First, they discover that Desiree, Stone's daughter, got mixed up in a shady counselling center that is tied to an equally shady church. Kenzie's mentor, Jay Becker, managed to disappear while pursuing this case himself. To top it off, one morning Kenzie wakes up to find all his credit cards cancelled, his bank account frozen, and the IRS on his back. Things start to get personal for Kenzie and his partner, on more than one level.
This book is notably different than its predecessors in the series. Unlike 'A Drink Before the War' and 'Darkness, Take My Hand,' the events of the book are not limited to the greater Boston area. Kenzie and Gennaro track Desiree and Becker down to Florida. It is in Florida that most of the twists and interesting events take place. Another difference in this novel is the lack of Bubba. Bubba is a gun running mountain of a man that is extremely protective of Kenzie and Gennaro. He appears for about three chapters before heading to prison to serve out a one year sentence on weapons charges.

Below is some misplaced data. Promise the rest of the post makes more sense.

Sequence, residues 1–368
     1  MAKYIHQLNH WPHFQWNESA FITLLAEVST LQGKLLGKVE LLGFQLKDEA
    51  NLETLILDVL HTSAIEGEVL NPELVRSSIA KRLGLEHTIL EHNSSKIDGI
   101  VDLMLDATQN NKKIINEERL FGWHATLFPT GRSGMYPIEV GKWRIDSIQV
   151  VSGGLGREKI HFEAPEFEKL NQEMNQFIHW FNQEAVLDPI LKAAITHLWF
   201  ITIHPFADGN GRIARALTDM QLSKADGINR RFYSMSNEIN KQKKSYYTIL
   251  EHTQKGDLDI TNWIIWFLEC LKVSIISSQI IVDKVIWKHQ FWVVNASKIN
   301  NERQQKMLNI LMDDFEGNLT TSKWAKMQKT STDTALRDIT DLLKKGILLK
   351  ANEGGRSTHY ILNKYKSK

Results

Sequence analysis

The third difference is the atmosphere. Lehane still manages to sneak in political commentary concerning wealth and power, but it is less pointed. The novel is not as dark. If 'A Drink Before the War' was the urban gangster novel of the series, and 'Darkness, Take My Hand,' was the serial killer novel of the series, then this was the surreal "what is going" on novel.